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Science entertainer is keynote speaker at Jack Kilby Science Day
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Students attending Barton Community College’s seventh annual Jack Kilby Science Day will meet Bret Mahoney, a man who takes science literacy very seriously. As the Academic Networking Coordinator for Science Museum Oklahoma, he works to ignite passion and inquiry in students and teachers.

Mahoney is keynote speaker for Jack Kilby Science Day, set for 8:30 a.m. to 1:30 p.m. Tuesday on Barton’s campus. The science day honors the memory of 2000 Nobel Laureate in Physics Jack Kilby by inspiring young people to take an interest in science through a variety of science presentations, demonstrations and experiments.

"Science by nature is a curiosity field," said Barton’s life sciences instructor Dr. John Simmons. "Young people are curious. They want to use their hands, they want to investigate, and they’re hungry for opportunities to do that, and that’s what we’re providing to these students."

Jack Kilby Science Day is free for high school students from throughout central Kansas. This activity also is open to high school science, technical and vocational teachers, counselors and administrators. Attendance is arranged through pre-registration by the high schools or home schools in the area. The college has close to 600 high school students, teachers and staff pre-registered for the day.

In addition, this year for the first time, local fifth and sixth graders and local seventh and eighth graders will come to the campus to attend sessions at 1 and 2 p.m., to witness Mahoney’s keynote presentation. Simmons said more than 500 students are expected for each of those afternoon shows.

Mahoney will present his keynote program for high school students 9 a.m. "He captivates his audience from the very beginning," said Simmons, who attended one of his shows at the Oklahoma Science Museum. "He is able to teach science while entertaining. He gets the students interested in science and that starts the day with a bang." His experiments with fire and explosives, and some well-placed science jokes are bound to get the students’ attention.

In addition to Mahoney’s presentation, participants in Jack Kilby Science Day have opportunities to explore science and technology in numerous sessions.

Led by Barton instructors and other instructors from the area, 26 hands-on sessions promise to be both educational and entertaining. With assignments based on student preference, each student will participate in two hours of activities following the keynote presentation.

The event is sponsored by the college and funded in part by Farmers Bank and Trust NA and Kiwanis Club of Great Bend.

In addition, JKSD will include Barton’s fourth annual Math Bowl led by math instructor Jo Harrington and the Science Bowl led by Simmons. Students will participate in teams of three in these tournament-style events and each member of the math and science winning teams will receive a scientific calculator donated by Texas Instruments.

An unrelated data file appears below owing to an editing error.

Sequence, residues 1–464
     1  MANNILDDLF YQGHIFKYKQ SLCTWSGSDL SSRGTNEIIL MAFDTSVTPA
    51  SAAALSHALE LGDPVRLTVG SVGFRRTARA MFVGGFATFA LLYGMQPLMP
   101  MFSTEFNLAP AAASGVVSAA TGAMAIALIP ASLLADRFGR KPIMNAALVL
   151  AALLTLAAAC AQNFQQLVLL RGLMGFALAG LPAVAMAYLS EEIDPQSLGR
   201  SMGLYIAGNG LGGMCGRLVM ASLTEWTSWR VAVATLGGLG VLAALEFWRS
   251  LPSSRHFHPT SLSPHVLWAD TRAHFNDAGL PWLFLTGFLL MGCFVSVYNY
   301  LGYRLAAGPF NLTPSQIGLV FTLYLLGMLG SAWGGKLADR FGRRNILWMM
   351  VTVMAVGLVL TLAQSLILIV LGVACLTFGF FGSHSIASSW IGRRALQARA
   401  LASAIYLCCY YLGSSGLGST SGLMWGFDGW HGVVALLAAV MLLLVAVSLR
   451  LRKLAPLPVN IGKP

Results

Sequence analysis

Breakout sessions will include the Kansas Bureau of Investigation’s simulations of forensics investigations for student participation; Disease Scene Investigation, CSI style, in which students will find out certain patient symptoms and spend the hour working together to determine what the disease might be; rocketry led by a Fort Hays faculty member to build a rocket and actually launch it; migration miracles by Curtis Wolf, director of the Kansas Wetlands Education Center; and the case of the hungry owl in which Eric Giesing leads students to solve the mystery of what creatures the Cheyenne Bottoms barn owls are capturing and eating.

Barton’s new biology instructor Colleen Hampton will lead students in isolating DNA from strawberries. "Students will find out that what seems like it might be a very technical process with a lot of technology involved is really a lot simpler than they think," Simmons said. "What they think might be a mystery in a black box really isn’t. Once they take the lid off and look inside, it’s completely doable if they just focus on it."

The sessions will be followed by a pizza lunch in the Kirkman Student Activity Center and an expo event offering information on Barton and its services. Numerous booths will represent Barton’s programs and departments as well as off-campus organizations. With the booths, students will have a chance to participate in some fun, hands-on activities.

The science day bears the name of 2000 Nobel Laureate in Physics Jack Kilby. As a young boy, Kilby moved to Great Bend where he lived until he graduated from Great Bend High School in 1941. His invention of the integrated circuit in 1958 while working for Texas Instruments is the genius behind nearly every electronic product used today. Kilby went on with TI to pioneer military, industrial and commercial applications of microchip technology with his invention. Later, he co-invented both the hand-held calculator and the thermal printer that was used in portable data terminals. Kilby died in June 2005 at the age of 81.

Along with winning the Nobel Prize, Kilby received two of the nation’s most prestigious honors in science and engineering. In 1970, in a White House ceremony, he received the National Medal of Science. And in 1982, he was inducted into the National Inventors Hall of Fame.

Jack Kilby felt very honored when he was told Barton Community College had started Jack Kilby Science Day in his honor. He wasn’t able to come to the first event because of his health, but he sent a letter thanking the college for honoring him. "The last thing he said in his letter was ‘keep it fun,’" Simmons said. "That’s a good philosophy for education in general, to remember on a daily basis to keep it fun. It doesn’t have to be a drag because it’s science and math; it’s fun."